However, others require the administration of predetermined outcome measures at the beginning and conclusion of an episode of care, tracking the relative improvements experienced by the patients of a clinician or clinic on a target outcome. An example is seen in the Functional Status Change for Patients with Foot or Ankle Impairments. Here, participants 14 years or older with foot and ankle impairments are assessed using the National Quality Foundation (NQF) 0424, conveniently titled Functional Status Change for Patients with Foot or Ankle Impairment. The instrument is a self-report questionnaire in which subjects rate the amount of difficulty they associate with the performance of daily tasks such as household ambulation, lifting objects, light- and heavy-duty household activities, community ambulation, and navigating stairs.
Then things get a bit more complicated. Any changes that a patient reports aftertreatment are risk adjusted according to those patient characteristics that are known to have an effect on this outcome. After taking those characteristics into account through risk adjustment, the functional impact of the physician's care is measured at the individual patient level, at the physician level, and at the clinic level to assess the quality of the care that's being provided.4
Physicians First, Others Will Follow
The launch of MIPS was limited to the narrow scope of clinicians identified earlier, with other disciplines such as physical, occupational, and speech therapists slated for inclusion in 2019. During the interim period, many therapists are eager to participate in MIPS on a voluntary basis. WebPT's president, Heidi Jannenga, PT, DPT, ATC/L, was quoted in a blog post on this topic recommending that therapists "continue building our data stores by committing to collecting meaningful outcomes data."5
The same post summarizes additional reasons for voluntary participation from therapists leading up to their 2019 formal inclusion. These include maintaining the data-reporting habits of prior Medicare requirements, learning the ins and outs of MIPS reporting in a no-pressure environment (no negative payment adjustments), and facilitating increased confidence in participating in MIPS once it become mandatory.5 Further, CMS has indicated its intention to provide feedback to those who voluntarily participate in the program during what would amount to a trial period.5
Scores Will Be Shared
The WebPT post goes on to explain that in addition to the direct fiscal adjustments to Medicare reimbursements, there could be other financial repercussions associated with the outcomes of your care.5 According to SA Ignite, a company specializing in the execution and management of value-based healthcare programs, "MIPS will publish each eligible clinician's annual final score and the scores for each MIPS performance category within approximately 12 months after the end of the relative performance year." The SA Ignite website explains, "For the first time, consumers will be able to see their clinicians rated on a scale of 0 to 100 and how their clinicians compare to peers nationally."6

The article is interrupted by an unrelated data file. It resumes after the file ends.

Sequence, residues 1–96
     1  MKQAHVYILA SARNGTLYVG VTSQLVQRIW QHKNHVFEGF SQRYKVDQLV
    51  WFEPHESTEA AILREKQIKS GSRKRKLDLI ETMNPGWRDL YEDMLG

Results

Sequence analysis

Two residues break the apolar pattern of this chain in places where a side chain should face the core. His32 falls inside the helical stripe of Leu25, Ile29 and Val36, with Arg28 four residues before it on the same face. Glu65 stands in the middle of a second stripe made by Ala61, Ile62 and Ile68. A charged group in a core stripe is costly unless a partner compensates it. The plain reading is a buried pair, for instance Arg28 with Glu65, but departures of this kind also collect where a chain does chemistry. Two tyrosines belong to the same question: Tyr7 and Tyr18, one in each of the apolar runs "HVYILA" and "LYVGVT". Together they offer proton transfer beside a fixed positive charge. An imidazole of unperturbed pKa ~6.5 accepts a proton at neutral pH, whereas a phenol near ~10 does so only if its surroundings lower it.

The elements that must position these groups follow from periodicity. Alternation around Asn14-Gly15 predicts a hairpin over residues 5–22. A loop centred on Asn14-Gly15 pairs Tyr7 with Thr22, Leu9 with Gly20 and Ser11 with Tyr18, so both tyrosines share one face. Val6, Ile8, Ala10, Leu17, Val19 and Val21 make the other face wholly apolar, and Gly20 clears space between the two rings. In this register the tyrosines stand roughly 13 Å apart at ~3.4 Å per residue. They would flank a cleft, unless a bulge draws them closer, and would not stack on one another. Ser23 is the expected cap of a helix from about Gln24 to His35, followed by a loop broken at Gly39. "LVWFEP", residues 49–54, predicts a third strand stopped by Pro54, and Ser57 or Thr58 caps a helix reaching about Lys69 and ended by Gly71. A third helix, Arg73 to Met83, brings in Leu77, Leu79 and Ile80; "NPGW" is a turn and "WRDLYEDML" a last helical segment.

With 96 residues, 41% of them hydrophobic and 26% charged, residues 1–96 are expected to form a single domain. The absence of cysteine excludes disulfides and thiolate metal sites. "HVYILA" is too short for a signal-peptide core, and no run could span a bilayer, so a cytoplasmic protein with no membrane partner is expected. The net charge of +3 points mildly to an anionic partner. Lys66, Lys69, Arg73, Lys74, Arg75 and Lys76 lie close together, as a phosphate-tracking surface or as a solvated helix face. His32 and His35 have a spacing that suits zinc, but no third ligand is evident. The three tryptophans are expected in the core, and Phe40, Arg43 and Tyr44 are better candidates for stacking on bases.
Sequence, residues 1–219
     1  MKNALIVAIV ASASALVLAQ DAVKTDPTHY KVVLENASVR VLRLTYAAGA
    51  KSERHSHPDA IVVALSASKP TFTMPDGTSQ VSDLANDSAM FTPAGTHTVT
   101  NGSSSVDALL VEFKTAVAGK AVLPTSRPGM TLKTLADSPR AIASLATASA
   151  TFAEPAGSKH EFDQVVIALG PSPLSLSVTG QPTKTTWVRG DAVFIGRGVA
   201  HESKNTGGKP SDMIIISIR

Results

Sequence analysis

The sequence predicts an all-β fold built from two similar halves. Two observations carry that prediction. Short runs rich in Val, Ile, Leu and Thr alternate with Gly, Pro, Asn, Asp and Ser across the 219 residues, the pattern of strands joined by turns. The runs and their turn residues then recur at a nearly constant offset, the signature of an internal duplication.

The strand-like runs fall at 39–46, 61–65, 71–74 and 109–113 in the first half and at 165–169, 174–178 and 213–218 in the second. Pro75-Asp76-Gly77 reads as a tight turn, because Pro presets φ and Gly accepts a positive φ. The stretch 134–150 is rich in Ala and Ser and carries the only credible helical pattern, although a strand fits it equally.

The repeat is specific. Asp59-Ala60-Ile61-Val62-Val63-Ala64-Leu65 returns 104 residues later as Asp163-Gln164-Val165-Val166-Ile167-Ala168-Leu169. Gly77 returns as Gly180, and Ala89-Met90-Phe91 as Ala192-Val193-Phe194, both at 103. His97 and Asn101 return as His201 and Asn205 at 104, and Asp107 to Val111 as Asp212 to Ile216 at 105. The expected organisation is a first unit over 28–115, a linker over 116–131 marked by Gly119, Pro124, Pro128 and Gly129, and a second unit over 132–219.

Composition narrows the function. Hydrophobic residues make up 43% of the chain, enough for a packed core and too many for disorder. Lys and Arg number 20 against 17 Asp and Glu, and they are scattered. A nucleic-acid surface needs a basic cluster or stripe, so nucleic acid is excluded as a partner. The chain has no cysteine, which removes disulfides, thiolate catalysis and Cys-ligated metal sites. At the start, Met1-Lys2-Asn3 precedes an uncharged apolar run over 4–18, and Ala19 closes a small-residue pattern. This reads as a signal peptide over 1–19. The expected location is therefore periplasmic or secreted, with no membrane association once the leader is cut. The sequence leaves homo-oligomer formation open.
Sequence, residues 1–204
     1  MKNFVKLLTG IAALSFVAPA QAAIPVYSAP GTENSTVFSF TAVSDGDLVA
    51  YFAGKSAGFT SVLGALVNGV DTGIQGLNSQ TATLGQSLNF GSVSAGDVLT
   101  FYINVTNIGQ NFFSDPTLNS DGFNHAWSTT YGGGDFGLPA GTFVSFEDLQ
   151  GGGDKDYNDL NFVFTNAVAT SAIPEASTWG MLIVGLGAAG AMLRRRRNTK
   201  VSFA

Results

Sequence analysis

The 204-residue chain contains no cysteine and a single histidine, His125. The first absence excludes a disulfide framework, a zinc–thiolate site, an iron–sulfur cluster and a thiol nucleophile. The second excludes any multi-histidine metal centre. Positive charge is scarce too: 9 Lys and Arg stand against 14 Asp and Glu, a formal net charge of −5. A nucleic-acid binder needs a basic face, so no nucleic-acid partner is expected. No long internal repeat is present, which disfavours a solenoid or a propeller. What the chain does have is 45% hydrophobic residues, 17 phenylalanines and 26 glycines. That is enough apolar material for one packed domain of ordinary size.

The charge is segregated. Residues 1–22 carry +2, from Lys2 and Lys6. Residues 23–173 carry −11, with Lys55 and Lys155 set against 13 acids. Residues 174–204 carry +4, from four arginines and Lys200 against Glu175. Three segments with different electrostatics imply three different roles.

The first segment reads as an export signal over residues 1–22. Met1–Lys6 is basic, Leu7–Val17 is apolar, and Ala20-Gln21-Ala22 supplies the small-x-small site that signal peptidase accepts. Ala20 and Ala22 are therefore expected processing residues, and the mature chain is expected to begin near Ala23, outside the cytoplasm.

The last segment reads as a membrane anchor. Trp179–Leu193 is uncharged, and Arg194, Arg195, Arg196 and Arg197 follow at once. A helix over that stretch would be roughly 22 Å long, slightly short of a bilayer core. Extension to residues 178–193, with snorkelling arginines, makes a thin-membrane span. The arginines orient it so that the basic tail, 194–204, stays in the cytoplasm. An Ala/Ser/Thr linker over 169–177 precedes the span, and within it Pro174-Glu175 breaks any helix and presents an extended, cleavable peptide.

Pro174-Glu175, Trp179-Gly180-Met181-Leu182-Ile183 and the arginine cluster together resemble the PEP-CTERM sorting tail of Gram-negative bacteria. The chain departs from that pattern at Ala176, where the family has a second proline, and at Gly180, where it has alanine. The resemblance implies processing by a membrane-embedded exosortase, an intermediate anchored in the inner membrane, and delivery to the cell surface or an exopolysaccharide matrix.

What's more, if you change jobs, your quality scores will follow you as "CMS binds the MIPS score to the clinician for each performance year, so that if the clinician changes organization before the associated payment year (two years after the performance year), the clinician brings along his or her MIPS score and the associated Part B adjustment to the new organization…. Each MIPS score thereby becomes a central and inextricable part of a clinician's profile and public reputation."6
Potential Impact on O&P
While there has been no formal mention of orthotists or prosthetists in the MIPS program, the program conveys the emphasis that CMS is placing on quality over quantity. It is not inconceivable to forecast a time in the near future where prosthetists may be asked to select a small number of quality measures from a menu of approved measures, collect these as a standard of care at the beginning and end of treatment, and report observed changes to the funding agency. The agency would adjust the outcome scores according to known risks, considering amputation level, amputation etiologies, or certain comorbid health conditions. The scores of an individual prosthetist or prosthetic clinic would then be compared against those of their peers, with patients and payers alike having access to those quality scores. Reimbursement adjustments, in the form of either bonuses or penalties, would eventually be assessed based on the comparative quality of care provided by a given clinician or facility.
Phil Stevens, MEd, CPO, FAAOP, is in clinical practice with Hanger Clinic, Salt Lake City. He can be contacted at email@example.com.
Berwick, D. M., T. W. Nolan, and J. Whittington. 2008. The Triple Aim: Care, Health and Cost. Health Affairs, 27(3):759-69.
McDermott, Erica. "MIPS FAQ for PTs, OTs, and SLPs," WebPT, January 25, 2017, https://www.webpt.com/blog/post/mips-faq-for-pts-ots-and-slps.